Art as a Public Issue

Down By Numbers


January 1, 2007column,

By the time you have finished reading this, it will have been 750 or more words, the space allotted to us by the editors with a going rate of 0.45 euro a word. We have been asked to write a short and polemic column-like text in which we formulate 16beaver’s vision on the public mission of art and its institutions.

Of course we are scripted into schedules and deadlines which need numbers. Yes, numbers were calculated to consider the space available in this publication, the budget for printing, the fees, the salaries, and so forth. Numbers... what started as zeros and ones will soon enough lead to a more complex and flexible equation, bearing with it millions of combinatory numbers, a set for each person on earth... mirroring and tracking us inside and along the peripheries of the camp. We are assigned numbers on boarding, with each seat we take, each meal we charge, we are statistics, analysed, located, identified, placed into groups, numbers, we are pedestrian number x, customer x times, we are worth x, we are weighed, measured, ranked, even speculated upon, hell, we speculate upon ourselves. We are a credit rating. We are supply, we are demand? And yet, we are weightless and measureless. So we take a minute to measure just exactly how much we are worth and in this same logic, we argue, we demand more.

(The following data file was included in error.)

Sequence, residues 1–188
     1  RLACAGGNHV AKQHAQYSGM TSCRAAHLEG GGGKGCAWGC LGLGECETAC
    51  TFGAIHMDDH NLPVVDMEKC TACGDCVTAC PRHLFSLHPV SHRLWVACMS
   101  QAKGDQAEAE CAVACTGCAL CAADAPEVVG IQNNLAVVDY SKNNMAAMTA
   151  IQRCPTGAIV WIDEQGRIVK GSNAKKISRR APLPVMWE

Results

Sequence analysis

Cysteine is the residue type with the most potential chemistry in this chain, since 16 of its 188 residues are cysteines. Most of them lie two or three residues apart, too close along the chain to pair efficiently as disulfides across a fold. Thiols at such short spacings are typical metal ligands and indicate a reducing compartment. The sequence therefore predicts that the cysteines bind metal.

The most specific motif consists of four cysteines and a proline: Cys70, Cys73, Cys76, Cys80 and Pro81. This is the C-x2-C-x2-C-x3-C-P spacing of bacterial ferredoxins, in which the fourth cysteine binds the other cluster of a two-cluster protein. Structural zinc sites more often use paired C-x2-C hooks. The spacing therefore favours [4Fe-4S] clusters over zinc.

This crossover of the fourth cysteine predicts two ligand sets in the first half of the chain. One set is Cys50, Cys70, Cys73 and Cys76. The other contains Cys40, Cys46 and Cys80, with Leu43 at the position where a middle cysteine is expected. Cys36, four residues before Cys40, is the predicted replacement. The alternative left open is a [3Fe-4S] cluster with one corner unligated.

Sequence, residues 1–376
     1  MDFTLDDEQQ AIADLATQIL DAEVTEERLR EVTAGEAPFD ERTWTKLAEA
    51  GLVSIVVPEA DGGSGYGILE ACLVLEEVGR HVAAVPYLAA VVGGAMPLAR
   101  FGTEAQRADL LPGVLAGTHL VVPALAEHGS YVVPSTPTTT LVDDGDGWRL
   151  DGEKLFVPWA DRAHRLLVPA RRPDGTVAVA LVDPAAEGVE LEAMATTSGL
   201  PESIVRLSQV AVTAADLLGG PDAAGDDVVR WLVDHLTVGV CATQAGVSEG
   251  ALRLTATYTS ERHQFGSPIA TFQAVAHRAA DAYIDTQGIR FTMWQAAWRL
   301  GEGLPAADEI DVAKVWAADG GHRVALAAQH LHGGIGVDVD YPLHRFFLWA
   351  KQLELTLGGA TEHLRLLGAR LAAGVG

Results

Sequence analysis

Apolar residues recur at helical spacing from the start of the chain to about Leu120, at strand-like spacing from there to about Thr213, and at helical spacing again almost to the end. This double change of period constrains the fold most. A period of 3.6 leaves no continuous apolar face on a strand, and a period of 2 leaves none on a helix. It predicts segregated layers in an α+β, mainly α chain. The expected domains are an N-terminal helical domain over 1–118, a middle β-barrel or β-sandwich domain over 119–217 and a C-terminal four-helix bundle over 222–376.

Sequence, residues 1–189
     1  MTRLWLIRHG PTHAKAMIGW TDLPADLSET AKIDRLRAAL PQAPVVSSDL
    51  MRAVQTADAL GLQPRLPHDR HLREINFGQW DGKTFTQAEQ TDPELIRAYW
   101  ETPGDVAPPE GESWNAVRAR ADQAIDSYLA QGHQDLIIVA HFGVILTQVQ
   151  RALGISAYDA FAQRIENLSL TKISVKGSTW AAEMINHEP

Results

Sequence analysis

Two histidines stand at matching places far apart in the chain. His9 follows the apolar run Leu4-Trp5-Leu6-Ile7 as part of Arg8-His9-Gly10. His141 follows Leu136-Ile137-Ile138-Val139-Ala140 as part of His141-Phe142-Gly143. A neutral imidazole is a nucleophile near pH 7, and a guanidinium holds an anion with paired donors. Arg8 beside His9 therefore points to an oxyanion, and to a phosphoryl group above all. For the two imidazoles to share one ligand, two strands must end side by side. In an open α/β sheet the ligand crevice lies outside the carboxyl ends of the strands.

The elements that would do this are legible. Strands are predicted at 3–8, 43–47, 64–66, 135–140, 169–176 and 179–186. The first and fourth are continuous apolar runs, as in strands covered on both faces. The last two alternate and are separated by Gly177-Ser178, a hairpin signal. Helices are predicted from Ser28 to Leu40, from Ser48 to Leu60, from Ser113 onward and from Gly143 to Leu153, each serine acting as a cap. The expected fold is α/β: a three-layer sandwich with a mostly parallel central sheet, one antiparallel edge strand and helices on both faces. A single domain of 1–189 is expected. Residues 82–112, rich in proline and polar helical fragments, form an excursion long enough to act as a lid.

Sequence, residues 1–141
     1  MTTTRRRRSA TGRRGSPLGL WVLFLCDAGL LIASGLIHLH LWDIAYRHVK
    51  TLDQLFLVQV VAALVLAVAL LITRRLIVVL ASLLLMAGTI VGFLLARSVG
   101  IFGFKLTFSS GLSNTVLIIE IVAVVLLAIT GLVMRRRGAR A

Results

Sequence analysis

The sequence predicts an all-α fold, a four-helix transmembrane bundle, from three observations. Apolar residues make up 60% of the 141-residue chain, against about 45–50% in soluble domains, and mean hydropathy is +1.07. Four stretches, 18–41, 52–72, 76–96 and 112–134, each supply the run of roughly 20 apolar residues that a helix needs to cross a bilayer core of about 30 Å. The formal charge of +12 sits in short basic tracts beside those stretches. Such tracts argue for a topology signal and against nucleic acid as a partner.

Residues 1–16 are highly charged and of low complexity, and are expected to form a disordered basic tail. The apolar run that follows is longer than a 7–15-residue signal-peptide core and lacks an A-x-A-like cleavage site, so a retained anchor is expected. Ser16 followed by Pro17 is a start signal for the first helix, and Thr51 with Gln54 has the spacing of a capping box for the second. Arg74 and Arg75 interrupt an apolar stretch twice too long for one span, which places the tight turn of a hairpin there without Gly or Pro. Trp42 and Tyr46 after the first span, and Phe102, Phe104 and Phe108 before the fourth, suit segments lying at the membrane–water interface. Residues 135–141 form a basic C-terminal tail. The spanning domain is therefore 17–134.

250 or so words in, we are seemingly no closer to addressing our subject of the public mission of art and its institutions. And the task is getting more difficult. We will ask the editors to improve our pay from this point forward. They agree, and raise the price to 0.47 euro per word.

We think about proposing that art’s role today and the role of the institutions (which take on the mandate to protect, house, teach, care for, consider and nurture art) is to wage a war against these numbers. Art, which once took the poetic device – through language, images, diverse forms and behaviours, the task of thinking, elaborating and outlining humankind’s place on earth – has reached an impasse. It has ridden on this impasse for the last century. A century in which the product entered into art as the readymade and art (later the artist) entered into the market as a product. Even if artists long ago left behind these legacies, we nonetheless remain in the vicinity of this intersection today.1

Moreover, a growing number of the existing institutions today, whether universities, museums, or even smaller non-profit spaces, are governed and often directed by the bureaucrats, the accountants, the crunchers of numbers, the trustees, the corporations (the sponsors), the investors, the speculators, the head counters, the grant givers, the generous donors, the infinite ways and means available to distribute and hold us all captive in / to the world of numbers.